I know that there are a lot of organizations that have gathered around this topic about helping the next generation, helping kids get paid internships, getting them in the door, but when we’re talking about bail-outs or funding or backing or whatever you want to call it, it shouldn’t be just about helping people like me pay their mortgages. It has to help those 19-year-old kids who blew their shot and were living in New York for six months trying to go to auditions and waking up at 5 in the morning to wait in lines and then had to leave the city. How can we help a person like that?

Nikki Renée Daniels (Jenny) At the risk of sounding cheesy, I just love singing. It’s the passion of my life, other than my family. Even when I’m not working, I’m always singing or practicing or learning, going back to my old opera aria books and trying to learn a song. But I miss being with a cast. The special thing about Broadway is that it’s different every night. I’ve done a few little TV gigs and stuff since we’ve been off, and you feel like you don’t have control over the final product of your own performance. Even with these virtual concerts I’ve been doing, you tape a song four different times, and you don’t know which one they’re going to use. Now, yes, it has been nice to not feel the pressure or the instant worry when you get a sniffle or a sore throat and you have eight shows to do and you’re like oh, no, am I going to be out? But being on Broadway, every night the show is different, and alive, and you feel like your performance is your own. I did The Book of Mormon for four years and there was always an understudy or a new cast member or something that just kept it so fresh, and that’s so specific to Broadway.

Christopher Fitzgerald (David) It’s unbelievable what theater has survived. People doing plays in front of each other is the most elemental thing to our humanity. It’s going to be unreal when people are back singing songs on stage. It’s going to be overwhelming. I was thinking about something the other day. Years and years ago, I went to Belize with my wife, and we went caving in Mayan caves. We were deep in these caves for an hour or two, with this guy we didn’t even know, some random guy who was showing us these caves, and it was really dark, and wet, and I was like, oh my god, if this guy passes out, we’ll never get out of here.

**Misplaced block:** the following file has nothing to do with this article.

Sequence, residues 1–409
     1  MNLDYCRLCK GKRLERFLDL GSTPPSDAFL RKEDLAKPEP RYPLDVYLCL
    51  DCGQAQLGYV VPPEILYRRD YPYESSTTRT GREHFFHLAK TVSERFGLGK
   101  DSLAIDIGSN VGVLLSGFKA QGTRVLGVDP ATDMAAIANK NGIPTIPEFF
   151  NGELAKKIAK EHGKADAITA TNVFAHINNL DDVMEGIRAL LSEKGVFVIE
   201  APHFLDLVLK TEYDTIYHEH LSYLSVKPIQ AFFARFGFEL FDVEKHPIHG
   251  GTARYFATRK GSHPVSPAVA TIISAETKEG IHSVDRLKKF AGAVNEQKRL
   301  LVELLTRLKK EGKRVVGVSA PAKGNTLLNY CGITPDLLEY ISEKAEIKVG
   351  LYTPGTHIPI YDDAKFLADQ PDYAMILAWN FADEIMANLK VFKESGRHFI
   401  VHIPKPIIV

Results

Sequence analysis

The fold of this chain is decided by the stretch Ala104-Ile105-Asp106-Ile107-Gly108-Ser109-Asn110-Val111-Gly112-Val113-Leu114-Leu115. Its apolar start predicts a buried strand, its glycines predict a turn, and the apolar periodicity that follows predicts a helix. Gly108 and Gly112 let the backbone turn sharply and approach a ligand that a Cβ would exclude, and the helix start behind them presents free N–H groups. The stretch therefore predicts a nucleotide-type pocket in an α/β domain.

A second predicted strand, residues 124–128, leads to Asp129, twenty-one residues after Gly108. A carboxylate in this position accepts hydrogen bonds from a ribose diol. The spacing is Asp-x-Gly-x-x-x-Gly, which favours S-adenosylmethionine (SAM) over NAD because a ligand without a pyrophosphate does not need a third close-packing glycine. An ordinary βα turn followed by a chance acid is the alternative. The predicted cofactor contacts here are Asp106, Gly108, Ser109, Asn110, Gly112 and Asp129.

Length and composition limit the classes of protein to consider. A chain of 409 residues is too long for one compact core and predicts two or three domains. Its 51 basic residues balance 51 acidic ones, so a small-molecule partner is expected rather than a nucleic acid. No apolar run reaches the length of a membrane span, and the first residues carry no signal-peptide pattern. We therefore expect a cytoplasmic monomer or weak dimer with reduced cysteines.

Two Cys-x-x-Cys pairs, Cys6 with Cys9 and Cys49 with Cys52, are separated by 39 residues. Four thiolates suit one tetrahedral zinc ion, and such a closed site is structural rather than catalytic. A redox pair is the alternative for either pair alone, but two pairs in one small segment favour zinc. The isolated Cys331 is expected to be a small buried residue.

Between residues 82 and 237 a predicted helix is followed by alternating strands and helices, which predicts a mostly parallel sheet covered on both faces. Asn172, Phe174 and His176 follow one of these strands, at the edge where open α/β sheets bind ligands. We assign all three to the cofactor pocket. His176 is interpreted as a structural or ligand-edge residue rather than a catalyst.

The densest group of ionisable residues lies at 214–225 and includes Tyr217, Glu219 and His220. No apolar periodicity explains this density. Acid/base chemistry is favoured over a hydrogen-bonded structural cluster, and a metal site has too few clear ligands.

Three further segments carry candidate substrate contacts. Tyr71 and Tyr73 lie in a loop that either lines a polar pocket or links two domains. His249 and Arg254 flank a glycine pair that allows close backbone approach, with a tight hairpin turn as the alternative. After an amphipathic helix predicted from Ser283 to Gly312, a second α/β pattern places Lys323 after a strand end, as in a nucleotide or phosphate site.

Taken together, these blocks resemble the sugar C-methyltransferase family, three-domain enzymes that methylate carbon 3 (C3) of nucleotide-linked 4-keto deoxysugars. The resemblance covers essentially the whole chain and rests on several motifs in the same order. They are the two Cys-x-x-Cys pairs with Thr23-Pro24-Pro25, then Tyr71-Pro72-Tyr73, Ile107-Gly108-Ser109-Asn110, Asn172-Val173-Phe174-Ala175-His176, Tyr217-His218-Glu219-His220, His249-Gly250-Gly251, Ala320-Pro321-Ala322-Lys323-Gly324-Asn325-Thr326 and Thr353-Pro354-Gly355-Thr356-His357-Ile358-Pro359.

Finally, he leads us back out, and I just remember how lush everything looked, and how overwhelmed I was by the colors, and the sounds, and the saturation of the world after leaving this dark, dark cave. I keep thinking about that, and about how it’s going to feel so colorful and beautiful when this pandemic is over, and we’re going to be hugged by music and by stories. It’s going to be overwhelming, I think.

Terence Archie (Larry) Some things are always going to be essential in a more immediate sense. We need food and water, you know, but there’s also that essential quality of connection. We go to the theater to connect. That’s why people don’t mind when they’re sitting in those small seats in so many of these Broadway theaters where we’re right on top of each other. We’re there not just because we want to be there, but because we need to be there, and we need to have our lives and our realities reflected back onto ourselves. That’s what the theater does. We can have catharsis. Food and drink don’t necessarily do that. I’m a fan of food and drink. I love food and drink, but they don’t really feed my spirit, you know? The theater is essential. We need the culture of theater to keep us sane. I believe that.

Patti LuPone (Joanne) Even with the vaccine and even with this industry that needs to come back because of the amount of money it generates for New York City and the amount of businesses that depend on Broadway – doesn’t Broadway make more money than all the sports teams in New York combined? – it’s not up to us. It’s up to the audience. Right now I don’t know who wants to sit in a theater with a mask on their face. It’s already a pain in the ass to sit next to people in the theater.